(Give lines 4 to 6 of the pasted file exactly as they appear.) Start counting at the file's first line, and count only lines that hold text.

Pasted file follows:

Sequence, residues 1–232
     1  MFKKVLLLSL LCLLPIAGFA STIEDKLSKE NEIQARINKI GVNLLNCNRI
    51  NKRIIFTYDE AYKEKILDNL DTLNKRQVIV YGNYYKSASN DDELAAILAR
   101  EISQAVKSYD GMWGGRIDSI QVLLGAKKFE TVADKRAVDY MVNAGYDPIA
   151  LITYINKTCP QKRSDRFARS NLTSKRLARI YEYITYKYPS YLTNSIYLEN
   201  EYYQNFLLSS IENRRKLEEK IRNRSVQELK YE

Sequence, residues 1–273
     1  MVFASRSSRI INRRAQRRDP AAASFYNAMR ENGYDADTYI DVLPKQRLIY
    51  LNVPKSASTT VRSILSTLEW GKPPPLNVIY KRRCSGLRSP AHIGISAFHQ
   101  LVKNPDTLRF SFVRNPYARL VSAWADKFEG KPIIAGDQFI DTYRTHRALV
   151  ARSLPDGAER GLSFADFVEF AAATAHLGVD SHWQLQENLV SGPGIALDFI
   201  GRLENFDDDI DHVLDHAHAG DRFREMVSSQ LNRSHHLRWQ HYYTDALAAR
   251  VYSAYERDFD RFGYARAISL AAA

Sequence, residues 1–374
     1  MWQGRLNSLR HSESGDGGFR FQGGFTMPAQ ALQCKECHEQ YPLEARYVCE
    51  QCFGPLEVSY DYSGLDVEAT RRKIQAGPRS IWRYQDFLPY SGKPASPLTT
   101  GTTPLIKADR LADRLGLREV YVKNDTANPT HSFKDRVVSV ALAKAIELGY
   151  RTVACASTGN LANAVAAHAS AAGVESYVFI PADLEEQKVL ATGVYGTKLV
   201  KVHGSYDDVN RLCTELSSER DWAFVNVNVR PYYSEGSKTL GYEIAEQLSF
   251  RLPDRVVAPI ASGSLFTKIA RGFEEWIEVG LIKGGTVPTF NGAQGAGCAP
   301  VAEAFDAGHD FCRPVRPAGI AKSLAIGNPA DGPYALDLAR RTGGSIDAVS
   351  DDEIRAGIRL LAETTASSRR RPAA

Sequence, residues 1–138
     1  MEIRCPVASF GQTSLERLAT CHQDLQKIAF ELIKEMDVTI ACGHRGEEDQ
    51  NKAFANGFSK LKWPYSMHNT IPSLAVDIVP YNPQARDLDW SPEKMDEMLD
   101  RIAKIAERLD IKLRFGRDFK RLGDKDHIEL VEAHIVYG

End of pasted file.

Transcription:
   101  EISQAVKSYD GMWGGRIDSI QVLLGAKKFE TVADKRAVDY MVNAGYDPIA
   151  LITYINKTCP QKRSDRFARS NLTSKRLARI YEYITYKYPS YLTNSIYLEN
   201  EYYQNFLLSS IENRRKLEEK IRNRSVQELK YE